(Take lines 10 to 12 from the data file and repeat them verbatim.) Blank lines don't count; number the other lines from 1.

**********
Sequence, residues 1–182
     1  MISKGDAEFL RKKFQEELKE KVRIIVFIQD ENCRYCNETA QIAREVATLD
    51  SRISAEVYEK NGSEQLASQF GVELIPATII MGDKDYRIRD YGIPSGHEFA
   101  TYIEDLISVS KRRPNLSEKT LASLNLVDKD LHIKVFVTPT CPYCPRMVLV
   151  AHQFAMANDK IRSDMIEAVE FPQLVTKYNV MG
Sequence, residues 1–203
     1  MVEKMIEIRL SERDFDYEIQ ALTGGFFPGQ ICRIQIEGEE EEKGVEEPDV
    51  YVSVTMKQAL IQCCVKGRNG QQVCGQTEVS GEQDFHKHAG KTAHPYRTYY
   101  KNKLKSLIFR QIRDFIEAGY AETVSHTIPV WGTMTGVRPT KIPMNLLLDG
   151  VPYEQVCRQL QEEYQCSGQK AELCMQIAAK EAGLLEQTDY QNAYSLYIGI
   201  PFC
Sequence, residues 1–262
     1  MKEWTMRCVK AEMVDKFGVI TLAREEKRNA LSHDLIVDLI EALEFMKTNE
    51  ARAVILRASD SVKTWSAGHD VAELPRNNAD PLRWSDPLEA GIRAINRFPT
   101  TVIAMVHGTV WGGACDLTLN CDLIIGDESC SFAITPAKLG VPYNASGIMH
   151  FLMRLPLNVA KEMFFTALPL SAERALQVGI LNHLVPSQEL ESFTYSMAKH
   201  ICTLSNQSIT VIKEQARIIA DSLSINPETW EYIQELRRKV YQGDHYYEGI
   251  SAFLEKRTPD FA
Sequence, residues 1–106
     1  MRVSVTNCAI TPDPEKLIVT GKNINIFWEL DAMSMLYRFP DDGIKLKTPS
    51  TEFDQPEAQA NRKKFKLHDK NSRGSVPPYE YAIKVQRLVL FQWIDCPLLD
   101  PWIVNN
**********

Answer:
   151  VPYEQVCRQL QEEYQCSGQK AELCMQIAAK EAGLLEQTDY QNAYSLYIGI
   201  PFC
Sequence, residues 1–262